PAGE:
The main difference between Fleming’s two spy heroes

"I would have thought the difference was obvious," Solo said.

“The difference is obvious,” Solo said.

In 2015, there will be two movies featuring two spy characters Ian Fleming helped to create. The one with the most publicity is SPECTRE, the 24th James Bond film. The other is The Man From U.N.C.L.E., a movie adaptation of the television series, coming to theaters a few months before the 007 film.

With U.N.C.L.E., Fleming’s involvement was limited (lasting from October 1962 until June 1963) and he exited the project after being bullied by 007 film producers Albert R. Broccoli and Harry Saltzman (whose film series was in its earliest stages) to quit.

There are some basic similarities. Both Bond and Napoleon Solo, the lead character in U.N.C.L.E., are womanizers. Both deal in espionage and death. But Solo has one major difference with Bond: The U.N.C.L.E. agent has a moral core than Bond doesn’t appear to possess.

Eon Productions co-boss Michael G. Wilson has called Bond an “antihero,” defined as “a central character in a story, movie, or drama who lacks conventional heroic attributes.” His stepfather, Eon co-founder Broccoli, used the same terms in his autobiography.

In Fleming’s first novel, Casino Royale, Bond describes how he got his 00-designation, which involved killing two people. In Fleming’s fifth Bond novel, From Russia With Love it’s stated that Bond had never killed in cold blood. (Collector Gary Firuta pointed this out and we looked up our copies of the novels to verify.) But fans say Casino Royale cancels that out. Dissenting fans say in Casino Royale the two kills were described by Bond (who may or may not have been lying) while the From Russia With Love reference is in the “voice of God” (i.e. Fleming’s “narrator” description).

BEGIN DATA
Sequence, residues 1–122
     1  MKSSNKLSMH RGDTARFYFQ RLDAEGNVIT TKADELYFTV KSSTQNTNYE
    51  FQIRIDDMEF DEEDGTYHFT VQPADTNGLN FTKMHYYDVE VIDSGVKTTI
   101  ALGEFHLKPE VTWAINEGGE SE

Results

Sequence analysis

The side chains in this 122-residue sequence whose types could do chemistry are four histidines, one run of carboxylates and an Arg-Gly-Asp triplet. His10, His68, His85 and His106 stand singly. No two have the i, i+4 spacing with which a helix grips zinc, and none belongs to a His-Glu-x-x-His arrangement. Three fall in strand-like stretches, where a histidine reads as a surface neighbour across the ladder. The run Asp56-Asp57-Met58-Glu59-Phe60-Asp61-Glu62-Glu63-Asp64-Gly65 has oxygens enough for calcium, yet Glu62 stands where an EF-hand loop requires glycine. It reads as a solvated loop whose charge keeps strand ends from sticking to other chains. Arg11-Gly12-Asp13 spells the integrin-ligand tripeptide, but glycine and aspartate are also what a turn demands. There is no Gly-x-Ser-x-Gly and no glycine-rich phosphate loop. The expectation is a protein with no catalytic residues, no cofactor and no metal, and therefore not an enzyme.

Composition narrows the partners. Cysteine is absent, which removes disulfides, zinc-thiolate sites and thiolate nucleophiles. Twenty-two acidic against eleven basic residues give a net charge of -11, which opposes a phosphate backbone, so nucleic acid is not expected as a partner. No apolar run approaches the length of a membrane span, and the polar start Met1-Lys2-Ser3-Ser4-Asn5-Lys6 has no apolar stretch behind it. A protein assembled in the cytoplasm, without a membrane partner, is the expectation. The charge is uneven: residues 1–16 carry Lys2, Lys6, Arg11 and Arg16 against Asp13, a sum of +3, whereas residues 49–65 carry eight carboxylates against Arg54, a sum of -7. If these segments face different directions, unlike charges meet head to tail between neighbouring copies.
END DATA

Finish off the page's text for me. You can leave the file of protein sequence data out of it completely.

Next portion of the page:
Napoleon Solo, meanwhile, demonstrates a moral streak periodically throughout the 1964-68 series.

In the first-season episode The Finny Foot Affair, the “innocent” is a young boy played by Kurt Russell. Russell’s character has a rough time. He witnesses an U.N.C.L.E. agent fight to the death. The agent, with his dying breath, entrusts the boy with an object that may be of assistance to Solo.

Later, on a flight to Norway, the boy describes what he saw to Solo. The U.N.C.L.E. agent attempts to deceive the boy that what he saw wasn’t as serious as it seems.

Later, the boy witnesses Solo kill some of his opponents. “Chris,” Solo tells the boy at one point, “you know now this is for real.” At the end of the episode, the Russell character decides Solo may not be the best potential mate for his “beautiful widowed mother.”

The best example of Solo’s moral streak occurs during the last episode of the series, broadcast by NBC on Jan. 15, 1968. Its one of the best scenes in the entire show for star Robert Vaughn. Solo confronts a group that plans to bring the entire world under its control, ending the “fight between good and evil” once and for all. The leader of this scheme is named Kingsley (Barry Sullivan), a former top U.N.C.L.E. official.

SOLO: You intend — you seriously intend — to make the world world act and think like you want it to?
(snip)
It’s a blasphemy. Your plan denies humanity its freedom to find its own way to better times.